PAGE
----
My friend Betsy snapped a picture of me, my ex-husband Bill, and Professor Jo Manning after the event.

UPDATE FROM LUKE:
I received a lovely email update from Robin, Betsy and Dad on how the evening went. There were few details worth mentioning that Mum left out:

From Bill:

Jo Manning is a member of the Cartwright Collective, and made a very nice acknowledgement of Lynda’s work at the start of her lecture (which marked her inauguration as a professor at the law school). In fact it was Lynda’s observations that triggered Jo’s research on compensation for patients adversely affected in clinical trials, which was the subject of her lecture

From Robin:

Jo came to Lynda immediately after her presentation and told Lynda that if/when she/they are successful in getting the law changed in NZ so that ” no fault” compensation is, in the future, awarded to all those who suffer the misfortune of injury by reason of medical trials, the new law will be called, “Lynda’s Law”. Then she added, “and I mean that”, and gave Lynda a long hug.

For me that was a moment I feel so lucky to have witnessed. I feel glad and privileged to have been able to play a small part in helping last night go smoothly and I am very proud of being able to call you my friend for 42 years of my life, Lynda.
You are a magnificent woman. You have made a difference in your life – to young families and their successful birthing and nurturing of their babies, to every area of women’s health, as National Women’s Hospital advocate to assist the communications and successful outcomes for hospitalised patients and now, in what is perhaps your finest moment, an advance that will potentially progress positive and fairer outcomes in the future for all NZers who offer themselves for trial in the process of advancing medical science and consequently producing healthier outcomes for all NZers.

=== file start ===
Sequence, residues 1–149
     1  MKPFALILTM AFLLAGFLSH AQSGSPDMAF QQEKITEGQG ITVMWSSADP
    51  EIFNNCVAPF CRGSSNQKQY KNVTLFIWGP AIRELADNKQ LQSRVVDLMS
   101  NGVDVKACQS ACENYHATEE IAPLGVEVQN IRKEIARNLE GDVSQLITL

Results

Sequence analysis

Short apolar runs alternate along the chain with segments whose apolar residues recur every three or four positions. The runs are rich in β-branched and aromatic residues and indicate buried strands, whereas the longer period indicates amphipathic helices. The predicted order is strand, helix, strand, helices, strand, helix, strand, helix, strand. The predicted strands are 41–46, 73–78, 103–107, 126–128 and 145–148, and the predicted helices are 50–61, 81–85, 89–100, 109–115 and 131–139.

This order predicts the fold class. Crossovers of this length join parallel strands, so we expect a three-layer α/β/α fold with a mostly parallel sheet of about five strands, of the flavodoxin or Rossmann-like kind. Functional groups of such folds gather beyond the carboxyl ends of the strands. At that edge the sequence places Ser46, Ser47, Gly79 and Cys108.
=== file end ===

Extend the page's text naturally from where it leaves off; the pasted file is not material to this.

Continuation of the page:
This was a wonderful culmination of your career, Lynda.

Arohanui, my dear friend

Thanks very much for passing these comments on – and giving me permission to put them on the blog. The family was very touched to hear this 🙂

 




A week in hospice

Last Monday I was admitted to the West Auckland hospice in order to get the nausea and pain medication sorted out. It was so much quicker doing it in hospice. By the end of the week we were making plans for my discharge back home which occurred very smoothly. Over the previous few days my children had drawn up a spreadsheet sheet for family and friends who wanted to be on the care roster. The hospice staff were very impressed with how it all went and asked to have a copy of it as a guide for others. My first night at home went well and I quickly adapted to all the bird songs that surround me first thing in the morning and last thing at night.

Looking back, I think it would have been best to come in to the hospice earlier than I did, but I am inclined to be rather stubborn and this was another example of my being stubborn rather than sensible.

And this week I have a very important event on my calendar – an Inaugural Lecture to attend which I am very much looking forward to.

bty